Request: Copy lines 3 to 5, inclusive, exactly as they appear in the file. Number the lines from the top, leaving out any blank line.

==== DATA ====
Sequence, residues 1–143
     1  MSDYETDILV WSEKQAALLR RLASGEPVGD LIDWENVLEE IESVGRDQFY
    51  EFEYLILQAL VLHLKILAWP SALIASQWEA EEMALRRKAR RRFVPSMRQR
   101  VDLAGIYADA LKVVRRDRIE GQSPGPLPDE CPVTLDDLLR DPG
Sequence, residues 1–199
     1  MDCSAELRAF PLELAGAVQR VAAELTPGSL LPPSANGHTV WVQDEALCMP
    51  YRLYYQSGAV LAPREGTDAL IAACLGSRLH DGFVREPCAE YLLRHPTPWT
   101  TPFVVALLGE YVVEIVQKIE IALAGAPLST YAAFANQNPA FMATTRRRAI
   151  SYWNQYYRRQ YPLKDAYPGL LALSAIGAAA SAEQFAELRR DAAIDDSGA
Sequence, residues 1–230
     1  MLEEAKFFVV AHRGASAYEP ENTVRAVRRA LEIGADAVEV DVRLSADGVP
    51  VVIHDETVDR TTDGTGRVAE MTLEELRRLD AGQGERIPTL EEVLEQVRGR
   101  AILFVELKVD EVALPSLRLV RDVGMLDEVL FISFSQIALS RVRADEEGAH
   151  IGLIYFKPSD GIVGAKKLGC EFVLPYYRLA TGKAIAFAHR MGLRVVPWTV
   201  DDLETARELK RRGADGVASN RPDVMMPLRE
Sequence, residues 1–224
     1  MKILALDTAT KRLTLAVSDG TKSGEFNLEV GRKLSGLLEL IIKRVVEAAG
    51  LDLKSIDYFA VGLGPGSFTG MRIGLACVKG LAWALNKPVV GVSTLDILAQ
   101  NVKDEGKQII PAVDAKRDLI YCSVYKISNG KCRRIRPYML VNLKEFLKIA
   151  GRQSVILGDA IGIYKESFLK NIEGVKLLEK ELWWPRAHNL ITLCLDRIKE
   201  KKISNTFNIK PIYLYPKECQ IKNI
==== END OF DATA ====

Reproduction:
    51  EFEYLILQAL VLHLKILAWP SALIASQWEA EEMALRRKAR RRFVPSMRQR
   101  VDLAGIYADA LKVVRRDRIE GQSPGPLPDE CPVTLDDLLR DPG
Sequence, residues 1–199